The director of the Oscar-winning "Lord of the Rings" trilogy previewed 10 minutes of assorted footage from his upcoming prequel, due out in December.
"The Hobbit" was filmed in New Zealand using more frames per second than the Hollywood standard. Jackson said in a video introduction that using 48 frames per second produces a smoother image. But reaction to the new technology was mixed.
Jackson said the human eye no longer sees individual pictures under the faster speed, but a steady stream of clear images.
"The movement feels more real," Jackson said while introducing his film at the CinemaCon convention for theater owners on the Las Vegas Strip. "It's much more gentle on the eyes."
Indeed, the footage was vivid, with grass blades, facial lines and soaring mountains appearing luminous and pronounced. The actors looked almost touchable, as if they were performing live on stage.
Jackson warned the new approach would take time to adjust to.
Some bloggers agreed, quickly branding the footage released Tuesday as a failure in digital technology. The critics claimed the unfinished scenes looked like a low-budget TV show.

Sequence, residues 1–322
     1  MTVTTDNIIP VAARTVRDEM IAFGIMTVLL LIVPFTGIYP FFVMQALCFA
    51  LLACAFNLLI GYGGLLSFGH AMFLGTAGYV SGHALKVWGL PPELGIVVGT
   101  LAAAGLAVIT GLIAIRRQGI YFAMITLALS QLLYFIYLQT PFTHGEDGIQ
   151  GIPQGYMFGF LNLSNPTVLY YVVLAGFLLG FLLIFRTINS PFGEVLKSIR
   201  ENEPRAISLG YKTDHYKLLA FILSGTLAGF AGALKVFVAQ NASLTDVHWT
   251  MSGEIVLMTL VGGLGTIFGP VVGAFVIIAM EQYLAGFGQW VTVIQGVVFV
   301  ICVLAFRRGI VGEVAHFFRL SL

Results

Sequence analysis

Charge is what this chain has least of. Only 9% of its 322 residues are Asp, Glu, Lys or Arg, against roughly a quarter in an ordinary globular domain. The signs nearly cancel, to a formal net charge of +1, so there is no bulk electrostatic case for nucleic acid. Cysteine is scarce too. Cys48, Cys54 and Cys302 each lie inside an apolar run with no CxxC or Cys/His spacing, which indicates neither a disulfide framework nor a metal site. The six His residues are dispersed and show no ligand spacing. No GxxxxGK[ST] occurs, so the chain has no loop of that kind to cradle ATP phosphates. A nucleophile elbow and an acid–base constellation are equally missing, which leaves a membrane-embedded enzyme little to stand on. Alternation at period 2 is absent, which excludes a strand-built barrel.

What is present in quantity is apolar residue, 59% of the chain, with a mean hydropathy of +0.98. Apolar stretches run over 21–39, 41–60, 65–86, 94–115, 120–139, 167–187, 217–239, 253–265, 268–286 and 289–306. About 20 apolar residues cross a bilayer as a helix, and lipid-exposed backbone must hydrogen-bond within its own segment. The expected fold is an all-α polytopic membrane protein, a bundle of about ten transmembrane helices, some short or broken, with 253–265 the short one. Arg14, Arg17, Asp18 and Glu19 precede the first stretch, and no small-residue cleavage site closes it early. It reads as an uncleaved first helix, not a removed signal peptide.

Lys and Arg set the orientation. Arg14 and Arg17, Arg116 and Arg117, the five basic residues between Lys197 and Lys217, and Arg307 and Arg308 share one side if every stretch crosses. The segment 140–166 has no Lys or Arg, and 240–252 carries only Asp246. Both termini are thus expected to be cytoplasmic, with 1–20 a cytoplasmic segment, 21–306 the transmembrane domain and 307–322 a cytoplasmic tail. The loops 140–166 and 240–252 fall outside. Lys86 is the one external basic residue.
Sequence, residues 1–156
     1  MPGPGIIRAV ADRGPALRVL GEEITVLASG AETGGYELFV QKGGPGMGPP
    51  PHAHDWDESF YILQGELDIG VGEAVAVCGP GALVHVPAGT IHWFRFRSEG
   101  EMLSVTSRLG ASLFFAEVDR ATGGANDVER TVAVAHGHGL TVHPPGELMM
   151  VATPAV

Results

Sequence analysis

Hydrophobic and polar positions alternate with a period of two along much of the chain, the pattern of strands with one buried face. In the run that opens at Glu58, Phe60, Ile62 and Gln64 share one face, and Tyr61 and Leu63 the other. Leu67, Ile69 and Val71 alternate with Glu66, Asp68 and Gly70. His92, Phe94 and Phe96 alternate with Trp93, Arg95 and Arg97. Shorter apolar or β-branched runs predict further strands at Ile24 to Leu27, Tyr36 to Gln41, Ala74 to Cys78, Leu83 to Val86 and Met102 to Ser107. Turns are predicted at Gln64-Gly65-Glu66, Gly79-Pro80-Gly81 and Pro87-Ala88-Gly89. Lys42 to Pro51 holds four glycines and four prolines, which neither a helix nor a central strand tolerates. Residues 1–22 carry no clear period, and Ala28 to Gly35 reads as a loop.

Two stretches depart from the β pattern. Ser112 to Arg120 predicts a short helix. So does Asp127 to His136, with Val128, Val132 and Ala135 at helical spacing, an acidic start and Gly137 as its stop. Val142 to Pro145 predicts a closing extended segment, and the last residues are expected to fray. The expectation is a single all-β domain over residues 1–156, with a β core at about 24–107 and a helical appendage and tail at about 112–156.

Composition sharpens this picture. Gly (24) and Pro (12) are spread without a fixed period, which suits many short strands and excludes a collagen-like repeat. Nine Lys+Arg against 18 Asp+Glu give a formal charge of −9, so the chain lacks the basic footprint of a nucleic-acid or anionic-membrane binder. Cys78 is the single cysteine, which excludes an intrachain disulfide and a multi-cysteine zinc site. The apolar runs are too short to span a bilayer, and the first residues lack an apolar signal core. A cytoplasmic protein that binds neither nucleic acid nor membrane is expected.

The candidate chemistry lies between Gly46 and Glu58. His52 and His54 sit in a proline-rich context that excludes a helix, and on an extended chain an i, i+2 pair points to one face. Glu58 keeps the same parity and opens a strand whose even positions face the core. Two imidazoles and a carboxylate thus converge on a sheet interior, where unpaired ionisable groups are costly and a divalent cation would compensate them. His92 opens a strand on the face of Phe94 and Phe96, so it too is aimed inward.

Variety film editor Josh Dickey tweeted, "Great Scott, THE HOBBIT in 48 frames-per-second is a thing to behold. Totally different experience. Not all will like the change."
British actor Martin Freeman stars as Bilbo Baggins, the hobbit who acquires the evil ring that sets the action of "The Lord of the Rings" in motion.
The footage showed Baggins lost in Gollum's cave. Andy Serkis' portrayal of the strange creature known for his "precious" obsession and speaking in the third person is just as disturbing as it was in the trilogy, with Baggins forced to appeal to Gollum's love of games to survive.
Ian McKellen, reprising the role of the wizard Gandalf, persuades Baggins to leave the shire and join him on his journey.
Orlando Bloom, as the elf Legolas, was shown with his character's flowing, blonde hair.
"The Hobbit: An Unexpected Journey" is the first chapter in Jackson's two-part adaptation of J.R.R. Tolkien's fantasy classic.
The two films were shot simultaneously in 3-D, with the second one, "The Hobbit: There and Back Again," due in theaters in December 2013.